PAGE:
P8250088 Jubilee Fire Engine

The Jubilee appliance is a horse drawn Shand Mason steam pump, which can deliver 300 gallons (1440 litres) of water per minute. The engine was fired by coal, which burned in an under-slung fire bucket.  Fires were a major hazard to the early settlers, with fire spreading rapidly between houses and commercial buildings all constructed of native timber.  The Jubilee had a long and active working life, remaining in active service until 1925 when a motorised appliance was purchased.
The museum has various fire fighting  photos, uniforms  and memorabilia scattered around.  (Did you know that Robin worked for the NZ Fire Service for 5 years as a Contracts Manager purchasing the new style gold coloured protective clothing for fire fighters?)   I particularly liked the fireman sliding down the pole, dressed in his long woollen underwear. He’s off to save the town from burning down!

P8250092 Down the pole

Monday, 26 August 2013

The Wool Shed

It’s a bit like being a pair of squatters – parking our caravan for a couple of nights in our friend’s driveway in Featherston.  It was Les’s turn to arrange this month’s SLG outing and as we lived the farthest away, he had invited us to bring our caravan and stay for the weekend.  So here we were, safely tucked alongside the garage.  Les was most impressed with Robin’s backing skills as he manoeuvred the caravan up the drive and under the carport.

P8250017 Two nights in Featherston

The rest of the group arrived after the long winding drive over the Rimutakas, drank a reviving cuppa and and engaged in a little of chit-chat,  we then headed off to Masterton for to our first stop, lunch at “Dish” cafe.  What a busy, bustling place this was, always a good sign, plenty of customers must mean great food, we feel.  Robin couldn’t go past the Big Breakfast, and I chose hot cakes with berries and cream, so yummy.  According to a recent article in the papers, Kiwis spend a staggering $3.49 billion annually eating out at cafes and restaurants!  (We personally don’t go that often, truly we don’t!)  Fed and watered, it was not too far to our next stop, “The Wool Shed”, the National Museum of Sheep and Shearing.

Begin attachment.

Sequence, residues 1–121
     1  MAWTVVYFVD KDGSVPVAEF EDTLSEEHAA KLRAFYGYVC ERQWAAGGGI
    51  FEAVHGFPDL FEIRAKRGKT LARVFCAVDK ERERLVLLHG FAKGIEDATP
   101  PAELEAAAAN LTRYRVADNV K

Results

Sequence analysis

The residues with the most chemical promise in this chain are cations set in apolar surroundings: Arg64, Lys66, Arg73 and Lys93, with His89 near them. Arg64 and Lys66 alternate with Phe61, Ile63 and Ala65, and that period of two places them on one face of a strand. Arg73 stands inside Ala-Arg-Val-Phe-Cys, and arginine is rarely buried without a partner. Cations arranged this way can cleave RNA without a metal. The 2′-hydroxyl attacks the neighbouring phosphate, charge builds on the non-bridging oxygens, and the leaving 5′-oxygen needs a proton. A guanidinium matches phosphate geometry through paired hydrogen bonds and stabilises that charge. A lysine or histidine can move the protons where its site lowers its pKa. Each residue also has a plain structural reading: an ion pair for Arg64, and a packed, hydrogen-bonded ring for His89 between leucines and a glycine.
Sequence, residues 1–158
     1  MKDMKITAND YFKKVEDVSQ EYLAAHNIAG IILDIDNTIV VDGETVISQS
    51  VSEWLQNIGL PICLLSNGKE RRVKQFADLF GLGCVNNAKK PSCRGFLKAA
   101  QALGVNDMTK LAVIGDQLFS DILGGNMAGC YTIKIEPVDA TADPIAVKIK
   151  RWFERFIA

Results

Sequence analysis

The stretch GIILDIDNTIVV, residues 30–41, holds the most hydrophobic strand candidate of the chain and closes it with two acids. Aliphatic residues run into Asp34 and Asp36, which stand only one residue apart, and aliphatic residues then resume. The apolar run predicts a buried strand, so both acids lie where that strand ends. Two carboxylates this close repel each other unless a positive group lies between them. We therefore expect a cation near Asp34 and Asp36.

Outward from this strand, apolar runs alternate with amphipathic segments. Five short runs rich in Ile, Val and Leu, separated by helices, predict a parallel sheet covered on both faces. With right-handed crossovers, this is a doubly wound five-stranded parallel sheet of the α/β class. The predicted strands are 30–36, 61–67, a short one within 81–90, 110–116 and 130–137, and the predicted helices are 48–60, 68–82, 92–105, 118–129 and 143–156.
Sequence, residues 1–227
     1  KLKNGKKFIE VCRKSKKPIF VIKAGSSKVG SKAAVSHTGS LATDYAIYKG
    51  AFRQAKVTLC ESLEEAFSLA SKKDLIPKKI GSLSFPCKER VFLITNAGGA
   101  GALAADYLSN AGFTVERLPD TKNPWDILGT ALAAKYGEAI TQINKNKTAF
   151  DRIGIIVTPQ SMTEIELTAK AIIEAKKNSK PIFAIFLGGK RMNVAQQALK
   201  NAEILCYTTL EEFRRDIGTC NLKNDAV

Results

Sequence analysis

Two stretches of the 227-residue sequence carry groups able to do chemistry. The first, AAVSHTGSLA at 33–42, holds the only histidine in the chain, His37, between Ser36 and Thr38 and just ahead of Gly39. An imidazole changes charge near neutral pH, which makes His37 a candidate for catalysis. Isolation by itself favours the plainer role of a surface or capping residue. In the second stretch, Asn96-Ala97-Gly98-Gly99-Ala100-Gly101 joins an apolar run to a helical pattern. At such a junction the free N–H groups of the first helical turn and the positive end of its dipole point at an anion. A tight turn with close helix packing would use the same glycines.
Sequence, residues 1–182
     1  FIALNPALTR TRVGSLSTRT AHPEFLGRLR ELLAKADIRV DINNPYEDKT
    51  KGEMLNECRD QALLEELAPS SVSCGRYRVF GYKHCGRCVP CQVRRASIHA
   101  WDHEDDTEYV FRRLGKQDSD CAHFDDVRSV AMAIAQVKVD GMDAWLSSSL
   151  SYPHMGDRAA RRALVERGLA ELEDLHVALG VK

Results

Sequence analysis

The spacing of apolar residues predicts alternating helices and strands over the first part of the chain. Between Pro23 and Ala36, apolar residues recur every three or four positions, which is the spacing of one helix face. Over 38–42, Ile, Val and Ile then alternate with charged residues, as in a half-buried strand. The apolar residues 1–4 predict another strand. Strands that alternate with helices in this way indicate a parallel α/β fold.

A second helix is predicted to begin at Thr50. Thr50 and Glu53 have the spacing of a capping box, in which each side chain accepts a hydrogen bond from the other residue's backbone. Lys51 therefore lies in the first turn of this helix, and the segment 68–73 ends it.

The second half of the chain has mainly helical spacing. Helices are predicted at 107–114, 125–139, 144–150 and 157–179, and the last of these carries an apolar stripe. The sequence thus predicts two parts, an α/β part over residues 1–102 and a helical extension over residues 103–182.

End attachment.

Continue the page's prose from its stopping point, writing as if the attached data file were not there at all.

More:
P8250022 Outside the Wool Shed

The museum is in two relocated pioneer wool sheds and tells of sheep farming in New Zealand. The first sheep flocks were brought over from Sydney. Australia, and driven around the rugged coast from Wellington to the Wairarapa coast, and currently there are about 35 million sheep in New Zealand.  We were given a sheep shearing demonstration, with the hand piece powered by an old Lister CS diesel engine.

P8250027 Lister engine ran the shearing hand pieces

The first sheep was pulled from the pen, sat on it’s rump while leaning against the shearer’s legs, and the shearing commenced.  The shearer aims for long smooth strokes, we were told, slicing away the fleece without nicking the skin.  


It looks easy but all that bending must play havoc with the shearer’s backs.   The shorn sheep looks half it’s size once the fleece is removed.

P8250041 All done

Once the entire fleece has been removed from the sheep, the fleece is thrown, clean side down, on to a wool table by a shed hand (commonly known in New Zealand and Australian sheds as a roustabout or roustie). This enables short pieces of wool and any debris to gather beneath the table separately from the fleece  .There it will be skirted, (picked over removing unwanted bits and pieces), rolled and classed then pressed into an appropriate wool bale.  This high quality Merino fleece was donated to the museum,  as was the 100 year old wool table on which it rests.

P8250102 Throwing the fleece onto the wool table

There were plenty of interesting displays at the museum, videos running, old photos and equipment – plenty for everyone.  A young Dad and his two boys were also there having a look around, and he had some shearing equipment to donate to the museum.

P8250108 Static display of life in the shearing shed